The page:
Among my favorite column topics is the male vs. female mystique. The persistent myth is that men are relatively simple creatures while women are complicated and enigmatic. A few years ago, a best-selling book was entitled "Everything Men Know About Women." Reminiscent of the pet rock, millions of copies sold in spite of containing only blank pages.



Those email forwards I’m always getting from friends sometimes contain useful or entertaining information. Two recent ones were devoted to the Mars/Venus mentalities.



According to “The Man Rules,”



• Men are not mind readers.



• You’re a big girl. If the toilet seat’s up, put it down.



• Subtle hints do not work. Tell us what you want.



• Come to us only if you want a problem solved. We don’t do sympathy.



• Christopher Columbus didn’t need directions. Neither do we.



• If you don’t like something we said and it can be taken two ways, we meant the other thing.



• Peach is a fruit, not a color; we have no idea what mauve is.



• If we ask what’s wrong, and you say “nothing,” we will assume nothing’s wrong.



• When we go somewhere, whatever you’re wearing is fine … really.



• If it itches, it will be scratched. We do that.



 



From “Men Are Just Happier People,” we learn that if Laura and Sarah go out to lunch, they will call each other Laura and Sarah. If Mike and David go out to lunch, they will refer to each other as Bro, Dude, Davey Boy, or Mikey. When the bill comes, Mike and David will each throw in $20 even if it’s only for $32.50. Neither will ask for any change back. When the bill comes for the girls, out come the calculators. A man will pay $2 for a $1 item he needs. A woman will pay $1 for a $2 item she doesn’t need because it’s on sale.



A man has six items in his bathroom. The number for a woman is more than 200. A woman has the last word in an argument. Anything a man says after that is the beginning of a new argument.



A woman marries a man expecting he will change, but he doesn’t. A man marries a woman expecting she won’t change, but she does. A woman worries about the future until she gets a husband. A man doesn’t worry about the future until he gets a wife.



A woman dresses up for most public outings. A man dresses up for weddings and funerals. Men wake up looking the same as they went to bed. Women somehow deteriorate during the night.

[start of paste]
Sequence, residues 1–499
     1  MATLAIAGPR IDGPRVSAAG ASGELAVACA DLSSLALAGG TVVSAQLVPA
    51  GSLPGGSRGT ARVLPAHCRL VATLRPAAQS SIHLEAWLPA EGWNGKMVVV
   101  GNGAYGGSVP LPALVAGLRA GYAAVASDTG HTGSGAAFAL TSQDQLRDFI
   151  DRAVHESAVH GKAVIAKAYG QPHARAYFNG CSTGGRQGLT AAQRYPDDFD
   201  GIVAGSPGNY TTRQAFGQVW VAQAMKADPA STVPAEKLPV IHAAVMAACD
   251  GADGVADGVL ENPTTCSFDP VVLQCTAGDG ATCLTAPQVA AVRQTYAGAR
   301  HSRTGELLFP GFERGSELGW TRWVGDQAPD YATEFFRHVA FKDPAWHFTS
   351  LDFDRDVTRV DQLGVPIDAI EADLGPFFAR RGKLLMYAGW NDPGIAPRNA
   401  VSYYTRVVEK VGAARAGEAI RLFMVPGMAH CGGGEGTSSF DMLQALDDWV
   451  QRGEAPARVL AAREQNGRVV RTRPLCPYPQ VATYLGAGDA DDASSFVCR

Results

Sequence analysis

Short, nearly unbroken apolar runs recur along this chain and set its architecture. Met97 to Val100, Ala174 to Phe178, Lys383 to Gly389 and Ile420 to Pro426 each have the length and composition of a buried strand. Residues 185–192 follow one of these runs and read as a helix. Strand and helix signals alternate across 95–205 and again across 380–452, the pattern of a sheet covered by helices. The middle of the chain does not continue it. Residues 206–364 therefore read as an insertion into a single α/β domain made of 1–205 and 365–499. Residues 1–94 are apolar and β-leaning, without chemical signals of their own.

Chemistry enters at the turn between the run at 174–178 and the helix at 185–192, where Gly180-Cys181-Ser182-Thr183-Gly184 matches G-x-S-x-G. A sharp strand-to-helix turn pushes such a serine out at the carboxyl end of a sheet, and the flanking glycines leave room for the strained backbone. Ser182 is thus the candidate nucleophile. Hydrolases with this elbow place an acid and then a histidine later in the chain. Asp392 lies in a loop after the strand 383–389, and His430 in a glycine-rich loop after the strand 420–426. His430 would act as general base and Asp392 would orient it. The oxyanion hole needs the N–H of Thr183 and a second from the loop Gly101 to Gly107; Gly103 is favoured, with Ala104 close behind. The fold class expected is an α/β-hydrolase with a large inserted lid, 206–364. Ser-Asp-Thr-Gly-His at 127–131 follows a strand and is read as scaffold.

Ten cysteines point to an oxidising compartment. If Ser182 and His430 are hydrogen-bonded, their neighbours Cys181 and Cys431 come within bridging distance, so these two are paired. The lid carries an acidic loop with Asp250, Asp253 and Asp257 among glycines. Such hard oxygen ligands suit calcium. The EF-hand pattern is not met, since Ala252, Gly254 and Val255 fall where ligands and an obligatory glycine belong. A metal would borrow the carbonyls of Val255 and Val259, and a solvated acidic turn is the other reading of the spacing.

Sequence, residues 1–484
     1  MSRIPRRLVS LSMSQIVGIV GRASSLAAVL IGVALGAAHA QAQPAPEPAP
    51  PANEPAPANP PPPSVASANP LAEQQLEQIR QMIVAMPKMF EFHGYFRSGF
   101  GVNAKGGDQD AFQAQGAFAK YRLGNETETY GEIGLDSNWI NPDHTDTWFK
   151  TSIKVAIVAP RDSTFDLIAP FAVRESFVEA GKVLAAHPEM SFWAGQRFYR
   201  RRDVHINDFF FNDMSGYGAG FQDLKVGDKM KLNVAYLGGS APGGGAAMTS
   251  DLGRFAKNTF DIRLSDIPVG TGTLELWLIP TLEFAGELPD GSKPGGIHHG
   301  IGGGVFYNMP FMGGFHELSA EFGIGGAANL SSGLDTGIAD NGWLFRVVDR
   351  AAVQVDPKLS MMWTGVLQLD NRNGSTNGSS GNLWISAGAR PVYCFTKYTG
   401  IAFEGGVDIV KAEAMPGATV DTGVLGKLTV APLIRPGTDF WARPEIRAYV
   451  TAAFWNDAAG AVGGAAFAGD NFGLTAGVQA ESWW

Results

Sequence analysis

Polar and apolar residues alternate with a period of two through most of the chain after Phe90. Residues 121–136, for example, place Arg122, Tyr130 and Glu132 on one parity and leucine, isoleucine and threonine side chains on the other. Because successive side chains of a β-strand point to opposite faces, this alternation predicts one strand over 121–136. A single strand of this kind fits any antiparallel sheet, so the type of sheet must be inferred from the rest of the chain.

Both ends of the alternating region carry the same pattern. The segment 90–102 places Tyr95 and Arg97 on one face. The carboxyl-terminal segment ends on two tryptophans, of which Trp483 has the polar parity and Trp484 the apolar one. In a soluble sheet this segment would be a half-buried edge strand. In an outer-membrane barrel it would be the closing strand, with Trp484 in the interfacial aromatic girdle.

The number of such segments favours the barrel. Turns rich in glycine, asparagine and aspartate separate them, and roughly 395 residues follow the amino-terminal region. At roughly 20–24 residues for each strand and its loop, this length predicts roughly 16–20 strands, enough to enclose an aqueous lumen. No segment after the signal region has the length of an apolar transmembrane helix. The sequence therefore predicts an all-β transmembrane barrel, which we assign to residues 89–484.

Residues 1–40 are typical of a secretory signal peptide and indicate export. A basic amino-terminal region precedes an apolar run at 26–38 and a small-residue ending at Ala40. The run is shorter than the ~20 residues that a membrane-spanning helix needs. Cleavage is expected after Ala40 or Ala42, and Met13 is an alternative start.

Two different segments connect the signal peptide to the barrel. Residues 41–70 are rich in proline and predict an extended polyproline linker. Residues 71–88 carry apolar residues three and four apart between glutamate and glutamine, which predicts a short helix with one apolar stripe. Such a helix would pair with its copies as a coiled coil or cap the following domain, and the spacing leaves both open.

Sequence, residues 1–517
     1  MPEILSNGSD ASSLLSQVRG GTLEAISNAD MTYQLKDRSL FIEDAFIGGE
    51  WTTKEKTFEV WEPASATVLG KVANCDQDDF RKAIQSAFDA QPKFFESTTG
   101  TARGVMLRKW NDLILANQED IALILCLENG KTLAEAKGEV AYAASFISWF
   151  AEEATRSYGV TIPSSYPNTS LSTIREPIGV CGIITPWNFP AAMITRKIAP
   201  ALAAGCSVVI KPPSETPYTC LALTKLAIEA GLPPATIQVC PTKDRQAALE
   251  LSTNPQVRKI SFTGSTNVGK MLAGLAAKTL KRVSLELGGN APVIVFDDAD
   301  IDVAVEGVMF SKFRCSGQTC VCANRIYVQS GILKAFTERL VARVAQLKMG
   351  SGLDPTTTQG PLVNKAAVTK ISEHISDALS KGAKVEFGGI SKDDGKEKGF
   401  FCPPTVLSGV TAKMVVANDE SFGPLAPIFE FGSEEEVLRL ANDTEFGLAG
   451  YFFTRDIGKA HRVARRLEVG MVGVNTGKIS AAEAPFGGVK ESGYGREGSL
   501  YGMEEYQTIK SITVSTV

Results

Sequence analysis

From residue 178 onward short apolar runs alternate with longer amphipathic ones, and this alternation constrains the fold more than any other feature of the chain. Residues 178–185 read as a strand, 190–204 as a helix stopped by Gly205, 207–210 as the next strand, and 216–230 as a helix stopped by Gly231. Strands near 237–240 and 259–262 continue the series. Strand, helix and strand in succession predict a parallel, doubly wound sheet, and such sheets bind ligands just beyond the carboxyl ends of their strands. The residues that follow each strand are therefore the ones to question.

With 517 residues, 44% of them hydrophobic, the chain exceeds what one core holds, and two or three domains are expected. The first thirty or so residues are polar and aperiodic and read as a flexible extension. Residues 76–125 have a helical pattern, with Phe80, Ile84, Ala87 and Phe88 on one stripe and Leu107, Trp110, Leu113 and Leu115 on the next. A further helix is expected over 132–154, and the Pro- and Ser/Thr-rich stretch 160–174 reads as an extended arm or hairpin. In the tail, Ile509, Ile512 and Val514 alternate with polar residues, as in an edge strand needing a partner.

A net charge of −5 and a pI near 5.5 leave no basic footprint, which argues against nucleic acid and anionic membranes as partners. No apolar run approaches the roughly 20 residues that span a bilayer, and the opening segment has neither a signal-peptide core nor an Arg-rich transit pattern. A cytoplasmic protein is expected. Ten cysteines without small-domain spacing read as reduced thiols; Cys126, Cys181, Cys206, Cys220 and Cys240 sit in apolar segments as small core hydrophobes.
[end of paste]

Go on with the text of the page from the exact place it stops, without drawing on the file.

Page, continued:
A woman knows all about her children. She knows about dental appointments, romances, best friends, favorite foods, secret hopes, fears and dreams. A man is vaguely aware of some short people living in the house. A man can forget his mistakes because the woman will remember all of them for him.



A man’s last name stays put.



For him, chocolate is not the stuff of life. You can be president. You can never be pregnant. You can wear a white T-shirt to a water park or NO shirt to a water park. Car mechanics tell you the truth. The world is your urinal. You never have to drive to another gas station restroom because this one is just too icky. Wrinkles add character.



People never stare at your chest when you're talking to them. Belching is OK. You have one mood all the time. A five-day vacation requires only one suitcase. You can open all your own jars. You get lavish praise for the slightest act of thoughtfulness. It’s no big deal if another man at a party is wearing the same shirt.



Your underwear is $8.95 for a three-pack.



Some may not find humor in this stereotypical gender thinking. But I wonder if God in His infinite wisdom decided that humanity would be much more interesting if He created Adam and Eve with distinct personality quirks. These differences attract man to woman and woman to man, balancing their strengths and weaknesses to bind them in love.



By Christian and Judaic philosophy, He created male and female with complementary gifts to serve family, church, and community. But, I think He also knew how much fun it would be to watch the sparks fly between two people who love each other even as they argue over leaving the toilet seat up or down.



Mary Ready of Destin is a twice-retired English teacher and long-time area resident. Her columns are published on Saturdays.